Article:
“I think they learn more about the native plants grown on conservation islands such as Motuihe and how much work is involved to plant trees,” she says. “It is also a good way to catch up with colleagues outside of the work environment.”
For Malcolm, volunteering for the project contributes to his work-life balance. He believes that this a good reason for others to consider donating their time and skills to a good cause.
“For people who work hard I think having some time when you’re able to get away from work and do something that’s quite different is important,” he explains. “For me, this has been a really good example of getting away, of doing that.”
The volunteer work has also been an opportunity to spend time with family, doing something constructive together. His son Finn, 22, a student at the university, has accompanied Malcolm on the Motuihe Island trip for the past two years. He enjoys the opportunity to work as a part of a team and to contribute to a worthwhile project.
“You do get a small sense of community from volunteering,” says Finn, “and also you get to feel like you’re giving to the environment rather than just taking from it, which I think is important.”
Finn’s experience illustrates another of the findings of the study conducted by Volunteer Ireland: for many people, “feeling connected to community” is one of the benefits of undertaking volunteer work.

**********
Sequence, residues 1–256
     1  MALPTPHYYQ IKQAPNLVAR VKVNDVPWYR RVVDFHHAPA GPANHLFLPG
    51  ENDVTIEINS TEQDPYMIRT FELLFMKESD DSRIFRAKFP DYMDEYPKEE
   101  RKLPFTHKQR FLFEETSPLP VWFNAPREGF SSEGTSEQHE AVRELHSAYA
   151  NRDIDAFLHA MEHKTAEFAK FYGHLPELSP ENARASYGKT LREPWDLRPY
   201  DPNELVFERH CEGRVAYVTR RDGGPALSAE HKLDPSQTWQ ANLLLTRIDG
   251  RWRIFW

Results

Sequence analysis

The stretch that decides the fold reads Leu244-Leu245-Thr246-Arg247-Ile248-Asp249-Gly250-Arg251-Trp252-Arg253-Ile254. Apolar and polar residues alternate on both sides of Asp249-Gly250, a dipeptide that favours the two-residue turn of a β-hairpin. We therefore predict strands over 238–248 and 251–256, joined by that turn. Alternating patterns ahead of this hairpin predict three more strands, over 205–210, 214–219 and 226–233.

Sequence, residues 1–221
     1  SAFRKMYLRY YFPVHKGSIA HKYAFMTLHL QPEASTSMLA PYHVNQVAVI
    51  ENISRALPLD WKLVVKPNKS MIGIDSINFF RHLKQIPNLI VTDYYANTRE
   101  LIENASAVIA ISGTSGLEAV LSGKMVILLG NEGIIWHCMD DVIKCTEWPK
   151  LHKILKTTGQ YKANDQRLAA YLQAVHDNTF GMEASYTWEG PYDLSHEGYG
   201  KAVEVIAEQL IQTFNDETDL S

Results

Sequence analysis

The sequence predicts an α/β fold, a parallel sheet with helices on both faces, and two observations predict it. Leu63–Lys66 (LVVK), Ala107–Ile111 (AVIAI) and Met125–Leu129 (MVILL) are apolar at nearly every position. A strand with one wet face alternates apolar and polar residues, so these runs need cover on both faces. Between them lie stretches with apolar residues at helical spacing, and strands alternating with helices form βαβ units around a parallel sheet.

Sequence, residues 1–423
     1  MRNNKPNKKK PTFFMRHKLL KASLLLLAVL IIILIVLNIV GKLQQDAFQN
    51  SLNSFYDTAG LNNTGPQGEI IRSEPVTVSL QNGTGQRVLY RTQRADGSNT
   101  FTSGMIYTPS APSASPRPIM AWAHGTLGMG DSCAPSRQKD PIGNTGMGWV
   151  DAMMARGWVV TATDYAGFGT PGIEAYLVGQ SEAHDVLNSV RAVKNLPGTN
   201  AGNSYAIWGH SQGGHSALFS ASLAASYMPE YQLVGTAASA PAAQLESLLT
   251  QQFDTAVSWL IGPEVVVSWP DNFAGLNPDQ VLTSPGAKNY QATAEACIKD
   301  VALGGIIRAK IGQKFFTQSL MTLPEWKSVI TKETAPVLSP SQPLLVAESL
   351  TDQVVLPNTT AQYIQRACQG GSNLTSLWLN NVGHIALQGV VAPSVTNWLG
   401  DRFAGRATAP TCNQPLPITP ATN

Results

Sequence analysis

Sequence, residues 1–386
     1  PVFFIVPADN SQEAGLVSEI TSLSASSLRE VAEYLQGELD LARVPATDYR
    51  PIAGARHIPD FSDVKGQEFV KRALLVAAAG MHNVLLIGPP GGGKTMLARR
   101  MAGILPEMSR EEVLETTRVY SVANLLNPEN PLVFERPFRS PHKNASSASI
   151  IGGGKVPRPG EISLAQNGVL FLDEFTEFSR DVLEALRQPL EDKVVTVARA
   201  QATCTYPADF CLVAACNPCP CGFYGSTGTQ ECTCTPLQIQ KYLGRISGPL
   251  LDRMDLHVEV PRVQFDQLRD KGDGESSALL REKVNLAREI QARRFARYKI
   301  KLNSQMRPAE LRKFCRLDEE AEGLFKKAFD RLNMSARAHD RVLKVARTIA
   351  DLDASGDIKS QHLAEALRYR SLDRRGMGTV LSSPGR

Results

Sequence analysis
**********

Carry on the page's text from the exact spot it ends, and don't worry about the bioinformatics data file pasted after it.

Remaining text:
That sense of community is very much in evidence in suburban Sandringham, where another group of volunteers is taking a creative approach to protecting the environment. Inside the Gribblehurst Community Hub, workers are cutting, ironing and pinning fabric. Others sit at sewing machines, busily transforming fabric into bags. The atmosphere is lively, and laughter and chatter fill the air.
These volunteers are working for Boomerang Bags, a community-based organisation that makes and distributes cloth bags, using fabrics that would otherwise end up in landfills. The Dominion Road branch of Boomerang Bags was established in October 2017, by 56-year-old nurse Catherine Patten and a small group of friends. Since then, they have attracted other volunteers to join, mostly through social media and word-of-mouth.